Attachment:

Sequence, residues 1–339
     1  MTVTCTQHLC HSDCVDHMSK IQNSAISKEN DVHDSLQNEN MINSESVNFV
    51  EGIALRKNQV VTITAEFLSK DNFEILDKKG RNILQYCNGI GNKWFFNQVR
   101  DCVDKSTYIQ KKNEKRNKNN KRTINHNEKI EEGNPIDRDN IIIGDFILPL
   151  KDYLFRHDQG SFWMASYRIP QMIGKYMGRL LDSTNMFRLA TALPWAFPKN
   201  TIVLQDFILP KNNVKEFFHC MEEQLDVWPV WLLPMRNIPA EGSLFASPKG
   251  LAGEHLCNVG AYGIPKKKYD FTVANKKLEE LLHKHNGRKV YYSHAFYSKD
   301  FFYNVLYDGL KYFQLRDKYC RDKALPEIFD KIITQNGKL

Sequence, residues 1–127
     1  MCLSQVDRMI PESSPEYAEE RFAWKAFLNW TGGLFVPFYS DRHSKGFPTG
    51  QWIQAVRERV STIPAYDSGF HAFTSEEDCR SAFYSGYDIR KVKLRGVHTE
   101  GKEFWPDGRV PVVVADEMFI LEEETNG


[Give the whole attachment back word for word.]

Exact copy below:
Sequence, residues 1–339
     1  MTVTCTQHLC HSDCVDHMSK IQNSAISKEN DVHDSLQNEN MINSESVNFV
    51  EGIALRKNQV VTITAEFLSK DNFEILDKKG RNILQYCNGI GNKWFFNQVR
   101  DCVDKSTYIQ KKNEKRNKNN KRTINHNEKI EEGNPIDRDN IIIGDFILPL
   151  KDYLFRHDQG SFWMASYRIP QMIGKYMGRL LDSTNMFRLA TALPWAFPKN
   201  TIVLQDFILP KNNVKEFFHC MEEQLDVWPV WLLPMRNIPA EGSLFASPKG
   251  LAGEHLCNVG AYGIPKKKYD FTVANKKLEE LLHKHNGRKV YYSHAFYSKD
   301  FFYNVLYDGL KYFQLRDKYC RDKALPEIFD KIITQNGKL

Sequence, residues 1–127
     1  MCLSQVDRMI PESSPEYAEE RFAWKAFLNW TGGLFVPFYS DRHSKGFPTG
    51  QWIQAVRERV STIPAYDSGF HAFTSEEDCR SAFYSGYDIR KVKLRGVHTE
   101  GKEFWPDGRV PVVVADEMFI LEEETNG